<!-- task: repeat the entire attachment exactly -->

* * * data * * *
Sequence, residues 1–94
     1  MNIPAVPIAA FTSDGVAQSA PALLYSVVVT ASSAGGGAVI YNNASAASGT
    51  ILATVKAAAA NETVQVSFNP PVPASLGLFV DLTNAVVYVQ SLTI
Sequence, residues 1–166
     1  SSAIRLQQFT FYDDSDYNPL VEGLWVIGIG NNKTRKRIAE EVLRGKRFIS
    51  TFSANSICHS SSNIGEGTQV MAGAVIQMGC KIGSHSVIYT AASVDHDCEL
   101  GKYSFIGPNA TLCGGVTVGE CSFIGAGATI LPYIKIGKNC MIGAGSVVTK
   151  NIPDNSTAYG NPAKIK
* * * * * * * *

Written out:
Sequence, residues 1–94
     1  MNIPAVPIAA FTSDGVAQSA PALLYSVVVT ASSAGGGAVI YNNASAASGT
    51  ILATVKAAAA NETVQVSFNP PVPASLGLFV DLTNAVVYVQ SLTI
Sequence, residues 1–166
     1  SSAIRLQQFT FYDDSDYNPL VEGLWVIGIG NNKTRKRIAE EVLRGKRFIS
    51  TFSANSICHS SSNIGEGTQV MAGAVIQMGC KIGSHSVIYT AASVDHDCEL
   101  GKYSFIGPNA TLCGGVTVGE CSFIGAGATI LPYIKIGKNC MIGAGSVVTK
   151  NIPDNSTAYG NPAKIK